The church is made of stone quarried on the moor. The face of the clock spells out My Dear Mother. The baptismal font is Norman, and decorated with leaves and stars.
Nearby there is a viewpoint called Buckland Beacon where you can also find the 10 Commandment Stones(1282 ft)
In 1927 The Lord of Buckland Manor, Mr Whitley, learnt that parliament had rejected a proposed revision of the Book of Common Prayer using Jesus' Two Commandments instead of Moses' Ten, at Holy Communion.
He celebrated by engaging Mr W A Clements, a stonemason from Exeter, to engrave granite stones in situ on Buckland Beacon with the Ten Commandments. He started work on 15 December 1927 and completed the job on 14 June 1928. Whilst engraving the stones he lived in a cow shed on the site and was supplied each week with a loaf of bread by Mr Whitley.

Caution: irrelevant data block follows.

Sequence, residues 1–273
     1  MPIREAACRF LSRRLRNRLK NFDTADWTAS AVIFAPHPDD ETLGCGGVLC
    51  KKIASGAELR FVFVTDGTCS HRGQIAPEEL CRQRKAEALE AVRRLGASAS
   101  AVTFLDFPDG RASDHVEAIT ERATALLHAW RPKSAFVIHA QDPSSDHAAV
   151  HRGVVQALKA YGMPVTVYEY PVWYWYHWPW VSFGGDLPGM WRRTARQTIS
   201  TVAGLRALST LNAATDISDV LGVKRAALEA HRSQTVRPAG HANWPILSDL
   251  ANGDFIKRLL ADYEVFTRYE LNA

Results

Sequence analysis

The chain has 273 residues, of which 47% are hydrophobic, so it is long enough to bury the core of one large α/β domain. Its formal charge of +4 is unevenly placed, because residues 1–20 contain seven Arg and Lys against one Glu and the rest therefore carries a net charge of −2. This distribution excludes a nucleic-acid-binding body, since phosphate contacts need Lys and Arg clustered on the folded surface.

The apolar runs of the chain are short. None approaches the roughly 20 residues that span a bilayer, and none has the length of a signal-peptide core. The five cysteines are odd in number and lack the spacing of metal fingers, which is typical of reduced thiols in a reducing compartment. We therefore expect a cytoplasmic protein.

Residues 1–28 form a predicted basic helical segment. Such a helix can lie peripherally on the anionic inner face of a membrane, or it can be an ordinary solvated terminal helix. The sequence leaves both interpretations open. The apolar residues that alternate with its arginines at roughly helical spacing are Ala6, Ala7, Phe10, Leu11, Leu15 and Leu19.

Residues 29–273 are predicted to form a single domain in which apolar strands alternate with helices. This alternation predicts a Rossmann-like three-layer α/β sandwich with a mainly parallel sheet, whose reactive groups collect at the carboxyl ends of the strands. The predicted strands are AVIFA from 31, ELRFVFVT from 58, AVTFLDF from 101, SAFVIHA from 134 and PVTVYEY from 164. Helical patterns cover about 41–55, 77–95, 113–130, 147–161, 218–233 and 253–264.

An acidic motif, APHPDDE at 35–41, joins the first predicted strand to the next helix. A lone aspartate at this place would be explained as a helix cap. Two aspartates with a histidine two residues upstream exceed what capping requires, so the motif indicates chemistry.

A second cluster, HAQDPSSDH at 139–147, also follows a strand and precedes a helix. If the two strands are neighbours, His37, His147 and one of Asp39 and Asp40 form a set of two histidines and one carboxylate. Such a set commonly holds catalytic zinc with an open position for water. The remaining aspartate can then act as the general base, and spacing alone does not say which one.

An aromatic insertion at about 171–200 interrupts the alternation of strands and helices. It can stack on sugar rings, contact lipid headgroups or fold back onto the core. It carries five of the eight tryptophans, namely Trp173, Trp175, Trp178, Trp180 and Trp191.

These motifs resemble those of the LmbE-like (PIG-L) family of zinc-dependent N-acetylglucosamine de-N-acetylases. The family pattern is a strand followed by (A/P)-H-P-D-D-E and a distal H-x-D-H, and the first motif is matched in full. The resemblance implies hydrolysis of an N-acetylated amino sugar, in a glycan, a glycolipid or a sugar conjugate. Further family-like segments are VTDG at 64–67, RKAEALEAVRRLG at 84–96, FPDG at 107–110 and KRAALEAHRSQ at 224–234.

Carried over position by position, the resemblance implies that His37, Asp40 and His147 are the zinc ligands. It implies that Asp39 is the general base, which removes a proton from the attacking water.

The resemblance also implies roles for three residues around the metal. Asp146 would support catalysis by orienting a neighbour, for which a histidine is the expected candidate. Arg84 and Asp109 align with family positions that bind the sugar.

In later years Mr Clements said, "Day after day I was on my knees chipping away and I wondered if the originator of the Commandments suffered from an aching back and sore knees as I did". If you glance at the stones you will find eleven commandments the eleventh inscribed, 'A new commandment I give unto you, that ye love one another. John 13 v34.'
Media related to Buckland-in-the-Moor at Wikimedia Commons
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